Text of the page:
Effects of High-Intensity Strength Training On Multiple Risk Factors for Osteoporotic Fractures: A Randomized Controlled Trial

By Ty Sevin, Aug 30, 2021

< Back to Benefits of Strength Training on Bone Density in Older Adults

Miriam E. Nelson, Ph.D., Maria A. Fiatarone, M.D., Christina M. Morganti, M.D., Isaiah Trice, Ph.D., Robert A. Greenberg, B.S., William J.Evans, Ph.D. From the Jean Mayer USDA Human Nutrition Research Center on Aging at Tufts University, Boston, MA; the Division onAging, Harvard Medical School, Boston, MA, and the Noll Physiological Research Center at the Pennsylvania State University.


Thirty-nine sedentary, post menopausal women, aged 50-70, who were not undergoing estrogen replacement therapy, were studied for 1 year to determine how the risk factors for osteoporotic fractures could be modified by high intensity strength training.


Femoral neck and lumbar spine bone mineral density increased in the 20 strength training women and decreased in the 19 sedentary controls. Total body bone mineral content was preserved in the strength trained women and decreased in the controls. Muscle mass, muscle strength, and dynamic balance increased in the strength trained women and decreased in the controls.


High intensity strength training exercises are an effective way to preserve bone density and improve muscle mass, strength and balance in post menopausal women. Increases in bone mineral content, muscle mass, strength and balance with strength training are even more significant when contrasted with the loss in all of these areas experienced by the sedentary controls. Maintaining bone density and preventing falls through improved strength and balance can significantly reduce the risk for osteoporotic fractures.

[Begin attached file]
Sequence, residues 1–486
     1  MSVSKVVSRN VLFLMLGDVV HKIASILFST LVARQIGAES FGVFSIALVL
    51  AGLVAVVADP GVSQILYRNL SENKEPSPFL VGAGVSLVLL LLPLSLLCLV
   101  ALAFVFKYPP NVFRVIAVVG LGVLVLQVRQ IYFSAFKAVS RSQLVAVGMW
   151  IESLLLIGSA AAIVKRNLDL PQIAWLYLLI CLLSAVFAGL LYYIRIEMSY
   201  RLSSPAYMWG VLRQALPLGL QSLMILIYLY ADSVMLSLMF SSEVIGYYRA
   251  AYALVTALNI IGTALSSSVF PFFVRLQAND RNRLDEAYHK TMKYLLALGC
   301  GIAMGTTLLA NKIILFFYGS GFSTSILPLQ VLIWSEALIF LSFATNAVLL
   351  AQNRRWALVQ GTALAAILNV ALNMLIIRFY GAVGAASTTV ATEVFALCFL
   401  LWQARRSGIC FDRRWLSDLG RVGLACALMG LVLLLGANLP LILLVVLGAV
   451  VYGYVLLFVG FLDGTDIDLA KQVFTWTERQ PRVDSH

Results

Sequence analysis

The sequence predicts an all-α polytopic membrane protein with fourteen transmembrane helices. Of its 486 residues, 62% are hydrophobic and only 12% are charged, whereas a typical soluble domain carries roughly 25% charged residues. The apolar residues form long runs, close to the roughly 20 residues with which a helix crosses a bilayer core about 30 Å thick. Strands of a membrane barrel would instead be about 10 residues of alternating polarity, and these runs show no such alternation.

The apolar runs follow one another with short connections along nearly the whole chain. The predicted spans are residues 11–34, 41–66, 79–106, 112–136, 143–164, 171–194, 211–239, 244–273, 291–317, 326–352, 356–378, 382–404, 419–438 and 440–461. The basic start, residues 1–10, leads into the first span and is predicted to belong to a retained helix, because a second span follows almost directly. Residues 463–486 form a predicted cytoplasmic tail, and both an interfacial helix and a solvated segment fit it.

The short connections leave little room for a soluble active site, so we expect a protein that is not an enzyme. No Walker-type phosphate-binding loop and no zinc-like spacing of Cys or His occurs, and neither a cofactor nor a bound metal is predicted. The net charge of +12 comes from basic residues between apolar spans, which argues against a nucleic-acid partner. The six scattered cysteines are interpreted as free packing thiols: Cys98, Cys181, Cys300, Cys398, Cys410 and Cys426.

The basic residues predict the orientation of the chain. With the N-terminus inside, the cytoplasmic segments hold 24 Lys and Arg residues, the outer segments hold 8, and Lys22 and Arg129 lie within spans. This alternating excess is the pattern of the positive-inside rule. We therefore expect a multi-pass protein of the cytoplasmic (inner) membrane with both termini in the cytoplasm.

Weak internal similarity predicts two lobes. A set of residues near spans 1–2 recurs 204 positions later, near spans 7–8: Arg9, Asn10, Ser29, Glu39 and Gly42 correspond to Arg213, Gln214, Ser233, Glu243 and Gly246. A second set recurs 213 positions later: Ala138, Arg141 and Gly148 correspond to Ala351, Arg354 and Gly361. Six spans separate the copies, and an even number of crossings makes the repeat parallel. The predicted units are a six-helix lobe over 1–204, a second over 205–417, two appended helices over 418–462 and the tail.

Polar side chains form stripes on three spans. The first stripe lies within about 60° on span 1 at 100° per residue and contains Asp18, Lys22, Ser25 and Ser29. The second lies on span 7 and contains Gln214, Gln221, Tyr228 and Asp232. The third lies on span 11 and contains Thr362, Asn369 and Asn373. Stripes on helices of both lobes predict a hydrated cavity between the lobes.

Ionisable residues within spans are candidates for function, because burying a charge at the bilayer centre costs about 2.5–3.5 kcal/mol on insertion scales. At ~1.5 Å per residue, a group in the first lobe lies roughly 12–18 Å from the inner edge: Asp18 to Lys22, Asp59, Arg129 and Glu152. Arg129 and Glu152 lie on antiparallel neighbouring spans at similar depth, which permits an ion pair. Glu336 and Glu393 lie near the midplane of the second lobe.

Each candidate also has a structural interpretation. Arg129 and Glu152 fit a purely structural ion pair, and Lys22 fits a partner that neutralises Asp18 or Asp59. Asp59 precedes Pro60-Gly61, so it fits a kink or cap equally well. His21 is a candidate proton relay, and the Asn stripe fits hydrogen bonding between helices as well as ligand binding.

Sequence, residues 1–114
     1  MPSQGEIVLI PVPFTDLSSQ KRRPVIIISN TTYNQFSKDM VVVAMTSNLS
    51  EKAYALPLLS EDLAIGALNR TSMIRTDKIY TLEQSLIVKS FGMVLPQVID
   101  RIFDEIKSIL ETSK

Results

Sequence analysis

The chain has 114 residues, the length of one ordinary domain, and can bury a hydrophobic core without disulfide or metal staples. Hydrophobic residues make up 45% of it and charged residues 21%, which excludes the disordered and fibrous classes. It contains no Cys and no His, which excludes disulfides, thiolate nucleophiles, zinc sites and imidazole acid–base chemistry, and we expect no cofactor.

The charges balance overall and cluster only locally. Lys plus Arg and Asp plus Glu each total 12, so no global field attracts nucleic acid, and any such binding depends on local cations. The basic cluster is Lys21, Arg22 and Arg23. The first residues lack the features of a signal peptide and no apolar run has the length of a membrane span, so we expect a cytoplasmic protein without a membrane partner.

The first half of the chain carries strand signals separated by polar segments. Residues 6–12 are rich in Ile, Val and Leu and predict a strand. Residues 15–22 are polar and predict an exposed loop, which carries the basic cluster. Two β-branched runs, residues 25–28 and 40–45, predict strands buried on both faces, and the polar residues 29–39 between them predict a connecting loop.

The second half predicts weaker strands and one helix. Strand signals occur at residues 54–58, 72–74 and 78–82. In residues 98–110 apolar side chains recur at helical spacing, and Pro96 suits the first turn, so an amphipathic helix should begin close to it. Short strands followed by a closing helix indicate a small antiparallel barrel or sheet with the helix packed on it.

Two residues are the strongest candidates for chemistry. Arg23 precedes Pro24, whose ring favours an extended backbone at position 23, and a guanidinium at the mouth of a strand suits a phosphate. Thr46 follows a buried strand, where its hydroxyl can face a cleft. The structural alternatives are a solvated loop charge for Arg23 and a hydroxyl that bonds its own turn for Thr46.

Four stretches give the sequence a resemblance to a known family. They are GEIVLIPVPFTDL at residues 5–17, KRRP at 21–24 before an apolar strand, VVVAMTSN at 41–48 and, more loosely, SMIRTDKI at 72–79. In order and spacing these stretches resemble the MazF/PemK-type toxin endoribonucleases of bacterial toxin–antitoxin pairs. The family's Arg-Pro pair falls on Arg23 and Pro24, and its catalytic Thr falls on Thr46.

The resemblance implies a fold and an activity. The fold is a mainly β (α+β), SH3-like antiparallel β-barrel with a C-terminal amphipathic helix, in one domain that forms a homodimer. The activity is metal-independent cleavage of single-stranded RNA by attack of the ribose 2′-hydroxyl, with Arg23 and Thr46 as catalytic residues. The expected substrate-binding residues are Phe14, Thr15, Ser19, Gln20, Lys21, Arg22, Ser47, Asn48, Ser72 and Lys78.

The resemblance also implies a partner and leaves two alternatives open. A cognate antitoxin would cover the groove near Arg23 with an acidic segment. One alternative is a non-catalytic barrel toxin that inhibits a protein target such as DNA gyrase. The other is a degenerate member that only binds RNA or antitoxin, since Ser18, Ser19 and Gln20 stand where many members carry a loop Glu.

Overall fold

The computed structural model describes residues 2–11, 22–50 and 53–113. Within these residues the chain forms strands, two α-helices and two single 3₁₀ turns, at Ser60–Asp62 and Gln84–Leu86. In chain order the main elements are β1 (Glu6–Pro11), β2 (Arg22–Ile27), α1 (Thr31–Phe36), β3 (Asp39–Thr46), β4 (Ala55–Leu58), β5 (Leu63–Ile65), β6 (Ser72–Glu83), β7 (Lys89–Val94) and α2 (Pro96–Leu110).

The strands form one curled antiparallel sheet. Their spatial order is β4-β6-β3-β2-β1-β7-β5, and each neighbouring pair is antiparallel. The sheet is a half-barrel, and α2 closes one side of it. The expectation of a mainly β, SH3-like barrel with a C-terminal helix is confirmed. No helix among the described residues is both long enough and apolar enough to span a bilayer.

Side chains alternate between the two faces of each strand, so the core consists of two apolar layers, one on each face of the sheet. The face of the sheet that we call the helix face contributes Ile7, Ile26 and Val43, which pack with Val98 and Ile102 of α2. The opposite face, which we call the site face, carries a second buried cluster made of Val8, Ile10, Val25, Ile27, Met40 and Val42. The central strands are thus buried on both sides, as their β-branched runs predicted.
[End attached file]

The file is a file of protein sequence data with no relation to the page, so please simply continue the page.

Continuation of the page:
Keiser Equipment Used

Standing hip, leg extension, lat. pull down, lower back, abdominal.

Published in Journal of the American Medical Association, December 28, 1994. Portions of this research were presented at the American College of Sports Medicine meeting June 2-5, 1993 in Seattle, WA and at the same meeting June 1-4, 1994 in Indianapolis, IN.

Link to Original Research

About the author

Ty Sevin

Director of Human Performance, Education and Research

Articles by Ty Sevin >

With over 25 years of coaching experience at both the collegiate and Olympic levels, Ty Sevin is one of the most influential track and field coaches in the country. Ty has worked for the United States Olympic Committee, serving as the Director of the Track and Field Residency Program at the USOC Olympic Training Center in Chula Vista, CA. He has also served as an assistant coach for Team USA on three separate occasions, for both the men’s and women’s teams. Ty himself was a four-time U.S. Olympics Trials qualifier in javelin. Ty most recently spent four years as the Associate Head Coach at the University of Texas at Austin for both the men’s and women’s track and field teams. Prior to that, he led the men’s and women’s track and cross-country teams at the University of New Orleans and McNeese State.

Currently, Ty applies his vast industry experience to the role of Director of Human Performance, Research and Education for Keiser Corporation, where he consults with college and professional sports teams regarding the utilization of Keiser strength equipment. He is also responsible for creating educational curriculum relating to human performance and overseeing Keiser research projects